Type: 
Working Papers
Relevance Degree: 
Good Read
Geographic coverage: 
Global

Time as a determinant of comparative advantage

Release date: 
11/16/2009
Published date: 
06/19/2010

It is assumed that added time to export adds cost to and lowers the volume of trade. Time delays may also affect the composition of trade and can disproportionately reduce trade in time-sensitive goods. This paper investigates the validity of these propositions using the World Bank Doing Business database and Enterprise Surveys for 64 developing countries. The authors find that in countries where there is longer time needed to export firms in time-sensitive industries are less likely to become exporters. Moreover, firms that do export have lower export intensities.

Type: 
Working Papers
Relevance Degree: 
Useful Background
Geographic coverage: 
Global

Global economic crisis and trade: the role of trade facilitation

Release date: 
05/19/2010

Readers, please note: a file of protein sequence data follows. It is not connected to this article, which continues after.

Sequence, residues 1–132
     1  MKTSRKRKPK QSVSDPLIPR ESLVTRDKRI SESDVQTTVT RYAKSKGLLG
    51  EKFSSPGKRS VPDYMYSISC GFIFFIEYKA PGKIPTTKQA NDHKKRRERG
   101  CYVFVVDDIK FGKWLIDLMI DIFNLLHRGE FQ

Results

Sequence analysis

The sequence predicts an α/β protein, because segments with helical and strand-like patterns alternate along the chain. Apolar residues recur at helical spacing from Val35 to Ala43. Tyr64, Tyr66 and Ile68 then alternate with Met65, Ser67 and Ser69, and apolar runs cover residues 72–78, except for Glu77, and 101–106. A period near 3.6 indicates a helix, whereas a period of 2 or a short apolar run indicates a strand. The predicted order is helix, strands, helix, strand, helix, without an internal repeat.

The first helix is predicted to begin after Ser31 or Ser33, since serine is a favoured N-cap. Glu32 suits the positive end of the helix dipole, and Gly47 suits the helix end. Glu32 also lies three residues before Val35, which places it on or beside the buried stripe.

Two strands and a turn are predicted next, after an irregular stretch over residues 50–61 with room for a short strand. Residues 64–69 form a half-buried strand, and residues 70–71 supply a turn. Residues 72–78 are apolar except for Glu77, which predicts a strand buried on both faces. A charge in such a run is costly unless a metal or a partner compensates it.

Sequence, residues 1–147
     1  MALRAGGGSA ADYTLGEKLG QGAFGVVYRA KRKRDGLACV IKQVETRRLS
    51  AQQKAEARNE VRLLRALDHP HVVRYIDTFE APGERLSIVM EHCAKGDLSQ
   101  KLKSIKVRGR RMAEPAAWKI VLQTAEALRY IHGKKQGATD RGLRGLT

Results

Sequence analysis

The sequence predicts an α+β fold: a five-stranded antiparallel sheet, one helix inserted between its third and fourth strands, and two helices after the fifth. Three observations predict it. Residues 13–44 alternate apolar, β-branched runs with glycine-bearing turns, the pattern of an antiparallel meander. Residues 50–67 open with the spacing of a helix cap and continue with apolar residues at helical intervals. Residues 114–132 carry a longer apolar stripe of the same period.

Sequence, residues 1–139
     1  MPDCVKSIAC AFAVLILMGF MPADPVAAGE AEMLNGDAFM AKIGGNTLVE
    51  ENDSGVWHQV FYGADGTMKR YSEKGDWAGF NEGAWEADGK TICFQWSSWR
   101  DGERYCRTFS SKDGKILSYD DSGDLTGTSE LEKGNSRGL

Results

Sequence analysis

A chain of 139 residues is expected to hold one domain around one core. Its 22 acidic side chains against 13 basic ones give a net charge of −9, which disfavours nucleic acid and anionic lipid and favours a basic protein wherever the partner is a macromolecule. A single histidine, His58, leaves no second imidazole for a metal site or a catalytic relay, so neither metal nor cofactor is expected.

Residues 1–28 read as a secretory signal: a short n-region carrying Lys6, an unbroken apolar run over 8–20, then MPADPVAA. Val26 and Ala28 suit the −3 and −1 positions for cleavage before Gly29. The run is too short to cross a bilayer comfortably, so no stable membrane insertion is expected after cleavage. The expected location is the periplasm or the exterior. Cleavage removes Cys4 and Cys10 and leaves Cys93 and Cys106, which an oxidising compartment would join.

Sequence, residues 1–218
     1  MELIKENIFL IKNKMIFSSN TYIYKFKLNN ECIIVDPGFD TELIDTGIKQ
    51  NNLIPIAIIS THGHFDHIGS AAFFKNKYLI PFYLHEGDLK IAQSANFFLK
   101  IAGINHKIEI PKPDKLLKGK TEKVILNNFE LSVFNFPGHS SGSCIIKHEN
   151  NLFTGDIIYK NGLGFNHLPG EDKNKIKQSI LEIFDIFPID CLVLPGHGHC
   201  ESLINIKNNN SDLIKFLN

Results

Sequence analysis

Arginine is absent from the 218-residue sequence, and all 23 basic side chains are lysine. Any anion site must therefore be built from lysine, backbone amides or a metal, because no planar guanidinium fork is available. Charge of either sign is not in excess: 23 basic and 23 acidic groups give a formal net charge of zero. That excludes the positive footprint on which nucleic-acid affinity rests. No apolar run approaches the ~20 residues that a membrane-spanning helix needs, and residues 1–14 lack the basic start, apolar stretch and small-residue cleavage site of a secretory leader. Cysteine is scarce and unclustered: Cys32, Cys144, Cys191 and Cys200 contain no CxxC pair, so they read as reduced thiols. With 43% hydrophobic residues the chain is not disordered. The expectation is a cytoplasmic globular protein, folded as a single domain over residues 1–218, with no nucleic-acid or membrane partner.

Published date: 
06/19/2010

The onset of the global economic crisis has led to a slump in global demand. However, the extent to which major trading powers have reduced their imports has differed by trading partner. Like financial contagion, could it be the case that countries that are better integrated in the global trading system via efficient trade facilitation environment suffered the most because of their interconnectedness? Using recent data from the US census bureau, this study finds that the efficiency of the trade facilitation environment actually helped to mitigate the effects of the global slump in demand.

Relevance Degree: 
Good Read
Geographic coverage: 
Global

Export Performance and Trade Facilitation Reform: Hard and Soft Infrastructure

Release date: 
04/19/2010
Published date: 
06/19/2010